Analysts at FSDH Research have projected that Nigeria’s May 2017 inflation rate (year-on-year) may drop to 16.13% from 17.24% recorded in the month of April 2017 due to base effect of abnormally high levels of inflation in prior periods arising from the increase in the pump price of premium motor spirit (PMS) in May 2016, despite the elevated consumer prices recorded in May 2017.
FSDH reckons that the sharp increase in the prices of consumer goods in May 2017 shows that inflationary pressure persists in Nigeria, and that based on the data calendar released on the National Bureau of Statistics (NBS) website, they expect the NBS to release the inflation rate for the month of May 2017 on June 15, 2017.
The base of their assumptions is the monthly Food Price Index (FPI) released Thursday by Food and Agriculture Organization (FAO), which shows that the price index rebounded in May 2017 following three months of consecutive decline.
“Our model indicates that the general price movements in the consumer goods and services in May 2017 would increase the Composite Consumer Price Index (CCPI) to 230.30 points, representing a month-on-month increase of 1.78%.
According to FSDH, the prices of tomatoes, Irish potatoes, yam, meat, rice and sweet potatoes were up by 88.16%, 36.8%, 32.42%, 4.76%, 2.54% and 0.6% respectively. Meanwhile, the prices of onions, vegetable oil, beans, garri and fish were stable.
“The movement in the prices of food items during the month resulted in 2.5% increase in our food and non-alcoholic index to 240.28 points. We also noticed increase in the prices of housing, water, electricity, gas & other fuels divisions between April 2017 and May 2017.
“We estimate that the increase in the CCPI in May 2017 would produce an inflation rate of 16.13% lower than the 17.24% recorded in April 2017, they pointed out.
The appreciation in the naira in the past months is also being projected to counter the effect of rising prices of food at the international market to certain extent.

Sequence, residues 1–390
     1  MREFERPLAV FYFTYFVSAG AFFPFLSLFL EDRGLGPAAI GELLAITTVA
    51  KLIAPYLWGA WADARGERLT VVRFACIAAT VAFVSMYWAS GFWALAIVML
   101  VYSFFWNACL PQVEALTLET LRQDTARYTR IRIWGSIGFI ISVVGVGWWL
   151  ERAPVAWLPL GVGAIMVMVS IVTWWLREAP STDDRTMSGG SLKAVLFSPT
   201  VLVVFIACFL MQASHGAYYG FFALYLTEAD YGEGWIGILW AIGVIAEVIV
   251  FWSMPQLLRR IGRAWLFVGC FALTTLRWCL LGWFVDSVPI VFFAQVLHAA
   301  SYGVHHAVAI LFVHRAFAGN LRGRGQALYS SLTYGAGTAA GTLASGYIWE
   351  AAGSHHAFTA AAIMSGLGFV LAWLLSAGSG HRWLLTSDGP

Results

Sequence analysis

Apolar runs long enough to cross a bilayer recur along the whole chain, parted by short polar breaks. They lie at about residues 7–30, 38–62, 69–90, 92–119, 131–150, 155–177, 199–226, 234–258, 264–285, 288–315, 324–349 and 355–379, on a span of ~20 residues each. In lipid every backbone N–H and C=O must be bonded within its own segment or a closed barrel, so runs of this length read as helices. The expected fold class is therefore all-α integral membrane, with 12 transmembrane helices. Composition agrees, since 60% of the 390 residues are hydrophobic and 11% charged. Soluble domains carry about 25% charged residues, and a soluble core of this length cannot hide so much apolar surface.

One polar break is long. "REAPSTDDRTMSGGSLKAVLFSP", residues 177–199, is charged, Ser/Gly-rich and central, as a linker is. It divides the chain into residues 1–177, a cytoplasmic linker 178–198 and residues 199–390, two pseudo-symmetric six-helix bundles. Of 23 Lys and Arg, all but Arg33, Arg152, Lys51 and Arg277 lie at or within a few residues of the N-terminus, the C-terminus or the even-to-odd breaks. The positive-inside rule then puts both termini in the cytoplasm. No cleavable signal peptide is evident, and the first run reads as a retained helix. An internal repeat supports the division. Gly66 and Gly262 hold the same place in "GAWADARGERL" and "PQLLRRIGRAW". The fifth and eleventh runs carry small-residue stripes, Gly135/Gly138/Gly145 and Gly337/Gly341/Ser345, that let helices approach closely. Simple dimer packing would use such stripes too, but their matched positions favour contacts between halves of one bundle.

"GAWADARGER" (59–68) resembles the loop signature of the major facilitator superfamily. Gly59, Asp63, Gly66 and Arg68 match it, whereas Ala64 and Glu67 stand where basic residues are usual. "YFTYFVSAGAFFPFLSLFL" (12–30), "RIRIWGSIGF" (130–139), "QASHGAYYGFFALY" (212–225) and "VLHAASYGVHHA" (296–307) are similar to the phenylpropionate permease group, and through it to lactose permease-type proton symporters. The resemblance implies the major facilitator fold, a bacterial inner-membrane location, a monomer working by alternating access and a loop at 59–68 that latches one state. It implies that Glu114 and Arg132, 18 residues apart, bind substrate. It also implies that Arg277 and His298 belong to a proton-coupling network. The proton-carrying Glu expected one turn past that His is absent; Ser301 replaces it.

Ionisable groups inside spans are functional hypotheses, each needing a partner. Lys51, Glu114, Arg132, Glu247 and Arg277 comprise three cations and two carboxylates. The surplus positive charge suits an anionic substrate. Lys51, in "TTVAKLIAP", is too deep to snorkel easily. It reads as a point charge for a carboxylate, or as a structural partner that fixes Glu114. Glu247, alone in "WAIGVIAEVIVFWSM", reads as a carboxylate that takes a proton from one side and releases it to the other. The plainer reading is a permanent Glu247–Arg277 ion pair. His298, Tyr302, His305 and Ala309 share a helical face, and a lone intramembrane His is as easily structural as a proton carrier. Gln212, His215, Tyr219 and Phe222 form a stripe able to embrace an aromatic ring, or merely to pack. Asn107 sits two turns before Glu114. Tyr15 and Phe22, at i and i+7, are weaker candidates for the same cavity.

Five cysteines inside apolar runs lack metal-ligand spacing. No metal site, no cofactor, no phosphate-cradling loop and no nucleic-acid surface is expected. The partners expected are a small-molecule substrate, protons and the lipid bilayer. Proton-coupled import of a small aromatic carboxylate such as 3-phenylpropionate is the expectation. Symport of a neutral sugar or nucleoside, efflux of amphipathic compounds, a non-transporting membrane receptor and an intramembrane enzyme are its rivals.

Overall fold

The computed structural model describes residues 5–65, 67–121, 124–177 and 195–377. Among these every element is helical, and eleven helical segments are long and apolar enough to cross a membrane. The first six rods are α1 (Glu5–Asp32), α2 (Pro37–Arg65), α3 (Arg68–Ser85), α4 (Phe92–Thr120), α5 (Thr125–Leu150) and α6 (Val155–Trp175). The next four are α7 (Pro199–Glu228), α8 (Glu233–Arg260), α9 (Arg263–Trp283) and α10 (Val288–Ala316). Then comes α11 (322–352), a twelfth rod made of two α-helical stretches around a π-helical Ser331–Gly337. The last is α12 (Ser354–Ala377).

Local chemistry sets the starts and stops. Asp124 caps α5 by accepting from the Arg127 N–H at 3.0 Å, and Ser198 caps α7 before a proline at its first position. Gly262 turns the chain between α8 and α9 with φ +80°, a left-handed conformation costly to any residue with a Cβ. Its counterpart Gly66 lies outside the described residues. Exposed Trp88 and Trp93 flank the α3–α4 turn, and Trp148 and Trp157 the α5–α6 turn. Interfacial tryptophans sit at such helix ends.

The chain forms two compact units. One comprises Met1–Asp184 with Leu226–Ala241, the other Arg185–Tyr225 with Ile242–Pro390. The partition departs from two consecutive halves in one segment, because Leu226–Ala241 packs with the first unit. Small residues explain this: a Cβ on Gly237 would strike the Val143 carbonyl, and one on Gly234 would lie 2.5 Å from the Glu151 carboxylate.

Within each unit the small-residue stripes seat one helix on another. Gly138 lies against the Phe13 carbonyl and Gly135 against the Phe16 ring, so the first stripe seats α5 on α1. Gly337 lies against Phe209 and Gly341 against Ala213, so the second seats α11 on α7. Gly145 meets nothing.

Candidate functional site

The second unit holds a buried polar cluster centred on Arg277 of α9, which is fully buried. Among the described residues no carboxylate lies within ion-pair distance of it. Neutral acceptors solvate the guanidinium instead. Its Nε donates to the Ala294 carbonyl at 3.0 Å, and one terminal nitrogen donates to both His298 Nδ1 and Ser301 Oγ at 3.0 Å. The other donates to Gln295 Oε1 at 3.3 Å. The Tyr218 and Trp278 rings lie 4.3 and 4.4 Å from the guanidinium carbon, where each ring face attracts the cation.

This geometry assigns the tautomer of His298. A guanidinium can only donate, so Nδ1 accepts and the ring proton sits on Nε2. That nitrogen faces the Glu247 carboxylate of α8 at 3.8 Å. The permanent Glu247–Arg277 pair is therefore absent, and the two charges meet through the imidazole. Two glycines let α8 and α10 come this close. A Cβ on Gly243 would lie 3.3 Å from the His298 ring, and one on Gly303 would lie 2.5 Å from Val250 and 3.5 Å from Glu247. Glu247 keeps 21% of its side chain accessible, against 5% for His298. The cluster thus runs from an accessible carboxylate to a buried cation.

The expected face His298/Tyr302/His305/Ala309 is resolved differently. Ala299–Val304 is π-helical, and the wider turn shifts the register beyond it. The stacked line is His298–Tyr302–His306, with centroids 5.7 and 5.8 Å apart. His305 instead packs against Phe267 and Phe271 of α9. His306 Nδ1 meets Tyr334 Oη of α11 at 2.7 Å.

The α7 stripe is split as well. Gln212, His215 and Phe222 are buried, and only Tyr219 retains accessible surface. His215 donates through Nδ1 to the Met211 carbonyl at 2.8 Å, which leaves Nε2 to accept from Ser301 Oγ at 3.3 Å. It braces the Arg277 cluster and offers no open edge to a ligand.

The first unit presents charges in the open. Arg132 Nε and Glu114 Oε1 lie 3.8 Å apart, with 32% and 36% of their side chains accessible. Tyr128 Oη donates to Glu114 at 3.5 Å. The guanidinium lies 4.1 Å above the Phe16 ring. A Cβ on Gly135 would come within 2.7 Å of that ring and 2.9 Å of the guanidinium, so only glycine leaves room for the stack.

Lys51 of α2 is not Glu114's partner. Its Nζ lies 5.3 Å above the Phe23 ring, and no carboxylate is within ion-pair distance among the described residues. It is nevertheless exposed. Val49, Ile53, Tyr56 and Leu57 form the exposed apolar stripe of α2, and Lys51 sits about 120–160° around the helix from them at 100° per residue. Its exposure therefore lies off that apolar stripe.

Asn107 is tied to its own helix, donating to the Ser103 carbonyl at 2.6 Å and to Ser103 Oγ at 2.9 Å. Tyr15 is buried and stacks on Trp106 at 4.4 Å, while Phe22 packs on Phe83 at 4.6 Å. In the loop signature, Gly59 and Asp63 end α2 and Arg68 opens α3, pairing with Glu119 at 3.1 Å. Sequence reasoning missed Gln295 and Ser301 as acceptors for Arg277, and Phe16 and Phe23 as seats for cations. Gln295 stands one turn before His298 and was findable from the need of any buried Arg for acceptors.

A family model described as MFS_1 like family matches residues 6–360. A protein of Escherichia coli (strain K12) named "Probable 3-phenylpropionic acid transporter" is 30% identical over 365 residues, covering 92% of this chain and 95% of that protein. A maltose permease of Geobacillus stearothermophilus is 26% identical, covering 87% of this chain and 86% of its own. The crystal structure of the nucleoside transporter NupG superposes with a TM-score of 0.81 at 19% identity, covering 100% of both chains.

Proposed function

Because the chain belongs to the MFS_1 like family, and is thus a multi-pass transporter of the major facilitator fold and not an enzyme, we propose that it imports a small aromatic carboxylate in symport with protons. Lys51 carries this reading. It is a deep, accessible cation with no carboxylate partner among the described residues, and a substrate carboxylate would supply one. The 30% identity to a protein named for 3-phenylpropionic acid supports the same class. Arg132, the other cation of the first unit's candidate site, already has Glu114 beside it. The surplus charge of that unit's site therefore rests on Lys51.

The naira gained 0.15% and 3.66% to close at N305.40/US$ and N382/US$ at both the inter-bank and parallel market at the end of May 2017 respectively.
“This should lead to a moderation in the pass through effect of imported prices on consumer goods in Nigeria. The prices of most of the food items that FSDH Research monitored in May 2017 increased substantially, the FSDH analyst said.
In economics terms, base effect is the consequence of abnormally high or low levels of inflation in a previous month distorting headline inflation numbers for the most recent month. A base effect can make it difficult to accurately assess inflation levels over time.
Meanwhile, FAO price index are on the upswing, except for price of maize, which remains modest due to large global supply. On the flip side, the continued fall in the price of sugar due to the weak global import demand, improved supply conditions in the main sugar producing regions in Brazil and the sudden depreciation in currency of the Brazilian Real weighed on the sugar Index
The FAO Index averaged 172.6 points, 2.19% higher than the revised value for April 2017, as all the sub-indices increased except sugar. The FAO Dairy Price Index increased by 5.15% in May, as prices for all categories of dairy products were on the increase.
Its vegetable oil price index was up by 4.74%, primarily driven by increase in both palm and soy oil prices occasioned by the rising global imports demand, low inventories and robust consumption particularly in the United States.
The prices of meat have continued to trend upward since the beginning of the year 2017. The FAO Meat Price Index was up 1.47% as prices for pig, bovine and ovine meat all increased, while those of poultry meat were stable.
The FAO cereal price index was up by 1.40%, largely on account of the increase in the prices of wheat and rice. However, the FAO sugar price index fell by 2.31% in May 2017 to a 13-month low. Our analysis indicates that the value of the Naira appreciated at both the inter-bank and parallel market.